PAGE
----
2. South Africa v Australia at Cape Town (South Africa won by 8 wickets)
Batting first, Australia posted a better than average 284 all thanks to Clarke’s Steve-Waugh esque batting with the tail to accumulate a personal score of 151. South Africa, for their part chased down 236 in their fourth innings to win the game.
In between whiles was the most unexplainable passage of play you could see. South Africa 96 all out. Australia 47 all out. Did somebody bomb the pitch? Many Aussie fans online were in splits over the Saffers’ 47/9 collapse, only to see their side top it with a 47/10 effort. At one stage, the Aussies were 21/9 before the last pair in Nathan Lyon and Peter Siddle more than doubled the score to 47. How the hell?
1. Zimbabwe v New Zealand at Bulawayo (New Zealand won by 34 runs)
Yeah, the Zimbots had won their first test on their return to the test fold against the Bangas, but not many fancied them against a superior New Zealand. Led by Brendan Taylor though, Zimbabwe managed to remain within touching distance of the Kiwis throughout the first four days, before bravely proclaiming to chase down their fourth innings total of 366 on day 5. Embarassment for the Kiwis beckoned as Taylor smashed a century enroute to 265/4, before the other Taylor – Ross, brought on Daniel Vettori. Dan had flown the thousand miles just for this one test, having retired from the shorter formats post the World Cup. Yet he still had it in him to kill the Zimbabwean chase with three crucial wickets.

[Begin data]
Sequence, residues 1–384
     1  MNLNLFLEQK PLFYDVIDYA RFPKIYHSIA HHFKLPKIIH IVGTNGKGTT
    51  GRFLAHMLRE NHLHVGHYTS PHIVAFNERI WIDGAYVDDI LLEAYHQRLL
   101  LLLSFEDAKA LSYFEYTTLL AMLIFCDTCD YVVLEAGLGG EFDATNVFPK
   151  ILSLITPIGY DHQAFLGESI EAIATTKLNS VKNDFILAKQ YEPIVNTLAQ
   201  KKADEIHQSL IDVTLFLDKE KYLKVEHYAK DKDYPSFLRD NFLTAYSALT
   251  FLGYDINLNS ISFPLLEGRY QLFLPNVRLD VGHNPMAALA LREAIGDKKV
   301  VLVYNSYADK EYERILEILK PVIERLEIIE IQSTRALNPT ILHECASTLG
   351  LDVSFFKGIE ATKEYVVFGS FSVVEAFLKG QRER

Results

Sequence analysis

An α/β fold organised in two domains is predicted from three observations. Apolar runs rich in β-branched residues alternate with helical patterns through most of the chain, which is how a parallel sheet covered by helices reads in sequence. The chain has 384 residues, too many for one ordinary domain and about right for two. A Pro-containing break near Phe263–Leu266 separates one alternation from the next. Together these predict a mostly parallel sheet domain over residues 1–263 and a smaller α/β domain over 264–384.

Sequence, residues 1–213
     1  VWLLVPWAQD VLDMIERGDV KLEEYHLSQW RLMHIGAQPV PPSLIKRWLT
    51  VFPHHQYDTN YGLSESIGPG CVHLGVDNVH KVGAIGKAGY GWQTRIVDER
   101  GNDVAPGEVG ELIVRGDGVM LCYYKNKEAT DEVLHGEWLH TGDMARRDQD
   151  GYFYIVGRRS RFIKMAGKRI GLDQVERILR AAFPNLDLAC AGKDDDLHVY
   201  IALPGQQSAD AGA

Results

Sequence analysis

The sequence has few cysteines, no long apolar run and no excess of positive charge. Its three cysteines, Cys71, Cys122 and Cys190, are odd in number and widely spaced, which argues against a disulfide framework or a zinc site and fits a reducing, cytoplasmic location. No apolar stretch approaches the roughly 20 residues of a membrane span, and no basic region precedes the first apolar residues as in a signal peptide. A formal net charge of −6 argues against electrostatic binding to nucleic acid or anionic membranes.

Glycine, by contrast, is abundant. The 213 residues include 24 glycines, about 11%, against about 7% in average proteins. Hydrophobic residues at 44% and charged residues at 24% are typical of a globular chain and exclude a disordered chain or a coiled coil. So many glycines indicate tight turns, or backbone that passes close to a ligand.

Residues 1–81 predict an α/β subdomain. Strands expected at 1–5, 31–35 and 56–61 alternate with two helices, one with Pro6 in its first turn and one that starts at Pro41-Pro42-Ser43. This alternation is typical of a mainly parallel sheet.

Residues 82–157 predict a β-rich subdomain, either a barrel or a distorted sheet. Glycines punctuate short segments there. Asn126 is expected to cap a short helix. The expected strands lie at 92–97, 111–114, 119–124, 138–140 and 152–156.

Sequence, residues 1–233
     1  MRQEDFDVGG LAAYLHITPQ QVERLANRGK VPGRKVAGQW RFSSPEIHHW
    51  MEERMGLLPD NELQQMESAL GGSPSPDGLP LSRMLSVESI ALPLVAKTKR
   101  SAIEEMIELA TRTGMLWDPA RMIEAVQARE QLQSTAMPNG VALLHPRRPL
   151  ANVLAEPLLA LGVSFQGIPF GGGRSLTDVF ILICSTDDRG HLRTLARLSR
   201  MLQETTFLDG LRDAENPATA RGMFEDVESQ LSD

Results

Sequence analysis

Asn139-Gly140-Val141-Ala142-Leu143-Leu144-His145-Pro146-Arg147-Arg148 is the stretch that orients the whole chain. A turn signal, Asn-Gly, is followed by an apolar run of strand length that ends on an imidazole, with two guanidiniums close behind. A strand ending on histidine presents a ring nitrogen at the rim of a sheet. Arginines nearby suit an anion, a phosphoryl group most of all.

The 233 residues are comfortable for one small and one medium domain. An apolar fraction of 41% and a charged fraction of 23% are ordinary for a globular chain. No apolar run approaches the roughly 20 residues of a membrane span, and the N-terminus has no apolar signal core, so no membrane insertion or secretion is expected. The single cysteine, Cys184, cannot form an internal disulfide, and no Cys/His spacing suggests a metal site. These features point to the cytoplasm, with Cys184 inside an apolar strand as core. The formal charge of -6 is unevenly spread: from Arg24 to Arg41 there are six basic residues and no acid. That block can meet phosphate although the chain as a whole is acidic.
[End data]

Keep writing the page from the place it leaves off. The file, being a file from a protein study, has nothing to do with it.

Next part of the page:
Like I said, lap it up, T20 fans. We’re lovin’ it on the other side. It’s that finger licking good.